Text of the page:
About the bill
President Trump appears to have reversed an Obama-era policy publicly disclosing names and dates of White House visitors there to see the president or other top officials in the administration. New legislation in Congress would require public disclosure of visitor logs to the White House and his private Florida club Mar-a-Lago.
Obama’s was the first administration to implement such a rule, releasing most names except those deemed “politically sensitive” within 90 to 120 days, a point not not yet reached in the Trump Administration. Trump hasn’t ...
Sponsor and status
Sponsor. Representative for Illinois's 5th congressional district. Democrat.
Last Updated: Mar 23, 2017
Length: 6 pages
115th Congress, 2017–2019
This bill was introduced on March 23, 2017, in a previous session of Congress, but was not enacted.
Mar 23, 2017
Bills and resolutions are referred to committees which debate the bill before possibly sending it on to the whole chamber.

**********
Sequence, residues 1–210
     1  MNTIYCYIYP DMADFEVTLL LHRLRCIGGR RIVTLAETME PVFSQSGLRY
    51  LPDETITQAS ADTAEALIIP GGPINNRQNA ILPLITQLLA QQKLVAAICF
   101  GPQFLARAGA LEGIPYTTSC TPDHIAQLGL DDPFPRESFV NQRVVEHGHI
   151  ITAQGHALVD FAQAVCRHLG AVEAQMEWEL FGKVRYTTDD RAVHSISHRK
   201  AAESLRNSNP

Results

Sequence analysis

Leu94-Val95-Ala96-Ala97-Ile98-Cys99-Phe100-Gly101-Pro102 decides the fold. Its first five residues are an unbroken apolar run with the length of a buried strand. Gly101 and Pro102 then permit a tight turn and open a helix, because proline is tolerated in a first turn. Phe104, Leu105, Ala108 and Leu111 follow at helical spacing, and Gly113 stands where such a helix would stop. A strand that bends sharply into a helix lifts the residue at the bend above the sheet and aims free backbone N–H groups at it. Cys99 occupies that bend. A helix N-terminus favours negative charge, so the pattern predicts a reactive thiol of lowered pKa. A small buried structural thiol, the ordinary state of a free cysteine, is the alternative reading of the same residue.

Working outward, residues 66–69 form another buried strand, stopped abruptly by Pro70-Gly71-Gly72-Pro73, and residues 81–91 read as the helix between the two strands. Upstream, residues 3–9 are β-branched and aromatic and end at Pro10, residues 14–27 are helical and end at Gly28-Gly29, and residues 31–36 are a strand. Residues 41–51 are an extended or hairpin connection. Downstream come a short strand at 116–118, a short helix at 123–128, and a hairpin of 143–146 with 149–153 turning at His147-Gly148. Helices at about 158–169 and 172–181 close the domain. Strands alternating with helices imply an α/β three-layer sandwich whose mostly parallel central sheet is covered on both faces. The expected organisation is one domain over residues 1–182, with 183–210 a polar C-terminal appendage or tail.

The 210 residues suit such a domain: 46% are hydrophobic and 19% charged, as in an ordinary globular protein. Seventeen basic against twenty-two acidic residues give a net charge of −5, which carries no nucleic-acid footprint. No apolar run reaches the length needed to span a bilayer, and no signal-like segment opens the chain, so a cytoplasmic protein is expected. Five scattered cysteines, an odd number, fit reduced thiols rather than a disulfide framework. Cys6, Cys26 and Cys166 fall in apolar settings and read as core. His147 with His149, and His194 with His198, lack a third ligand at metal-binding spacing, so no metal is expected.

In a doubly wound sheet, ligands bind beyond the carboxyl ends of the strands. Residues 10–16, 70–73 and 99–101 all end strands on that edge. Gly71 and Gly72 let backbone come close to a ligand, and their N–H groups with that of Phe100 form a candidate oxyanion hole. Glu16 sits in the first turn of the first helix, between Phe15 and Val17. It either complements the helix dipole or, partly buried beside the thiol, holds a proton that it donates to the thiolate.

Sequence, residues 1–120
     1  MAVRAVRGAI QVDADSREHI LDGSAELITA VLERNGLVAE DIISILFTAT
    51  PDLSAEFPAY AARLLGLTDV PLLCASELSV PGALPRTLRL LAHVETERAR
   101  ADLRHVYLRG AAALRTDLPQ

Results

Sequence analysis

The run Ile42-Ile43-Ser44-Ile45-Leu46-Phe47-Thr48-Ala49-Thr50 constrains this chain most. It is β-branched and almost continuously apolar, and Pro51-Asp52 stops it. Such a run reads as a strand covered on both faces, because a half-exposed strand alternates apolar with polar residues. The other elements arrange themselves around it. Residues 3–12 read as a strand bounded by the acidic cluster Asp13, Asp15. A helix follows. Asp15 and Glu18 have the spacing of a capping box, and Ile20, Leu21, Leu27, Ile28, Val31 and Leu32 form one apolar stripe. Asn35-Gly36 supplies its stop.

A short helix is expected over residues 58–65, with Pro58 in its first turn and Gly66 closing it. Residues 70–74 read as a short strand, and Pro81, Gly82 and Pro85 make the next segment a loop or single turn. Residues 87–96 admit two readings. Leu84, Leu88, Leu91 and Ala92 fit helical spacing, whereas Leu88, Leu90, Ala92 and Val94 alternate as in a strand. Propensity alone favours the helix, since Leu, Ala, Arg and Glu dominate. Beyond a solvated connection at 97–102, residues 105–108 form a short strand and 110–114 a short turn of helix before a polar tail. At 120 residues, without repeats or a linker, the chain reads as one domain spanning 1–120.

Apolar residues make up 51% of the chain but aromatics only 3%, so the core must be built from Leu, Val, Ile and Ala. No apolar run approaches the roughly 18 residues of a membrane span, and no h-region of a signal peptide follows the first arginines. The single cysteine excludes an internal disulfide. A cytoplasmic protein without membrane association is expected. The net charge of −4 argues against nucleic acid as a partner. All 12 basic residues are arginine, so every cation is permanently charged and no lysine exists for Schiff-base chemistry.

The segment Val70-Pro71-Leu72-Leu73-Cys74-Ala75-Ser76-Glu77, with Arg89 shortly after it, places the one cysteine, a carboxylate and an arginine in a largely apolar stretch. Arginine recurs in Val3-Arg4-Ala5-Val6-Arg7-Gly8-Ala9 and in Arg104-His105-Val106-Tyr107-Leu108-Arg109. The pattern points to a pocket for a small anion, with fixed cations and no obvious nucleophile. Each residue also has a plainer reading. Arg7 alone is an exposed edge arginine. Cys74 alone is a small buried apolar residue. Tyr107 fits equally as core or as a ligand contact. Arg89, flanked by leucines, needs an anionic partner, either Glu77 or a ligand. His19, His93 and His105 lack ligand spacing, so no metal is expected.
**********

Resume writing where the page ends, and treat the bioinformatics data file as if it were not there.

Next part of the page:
Mar 13, 2019
Reintroduced Bill — Introduced
This activity took place on a related bill, H.R. 1736.
H.R. 1711 (115th) was a bill in the United States Congress.
A bill must be passed by both the House and Senate in identical form and then be signed by the President to become law.
This bill was introduced in the 115th Congress, which met from Jan 3, 2017 to Jan 3, 2019. Legislation not enacted by the end of a Congress is cleared from the books.
How to cite this information.
We recommend the following MLA-formatted citation when using the information you see here in academic work:
GovTrack.us. (2019). H.R. 1711 — 115th Congress: MAR-A-LAGO Act. Retrieved from https://www.govtrack.us/congress/bills/115/hr1711
“H.R. 1711 — 115th Congress: MAR-A-LAGO Act.” www.GovTrack.us. 2017. July 15, 2019 <https://www.govtrack.us/congress/bills/115/hr1711>
MAR-A-LAGO Act, H.R. 1711, 115th Cong. (2017).
|title=H.R. 1711 (115th)
|accessdate=July 15, 2019
|author=115th Congress (2017)
|date=March 23, 2017
Where is this information from?
GovTrack automatically collects legislative information from a variety of governmental and non-governmental sources. This page is sourced primarily from Congress.gov, the official portal of the United States Congress. Congress.gov is generally updated one day after events occur, and so legislative activity shown here may be one day behind. Data via the congress project.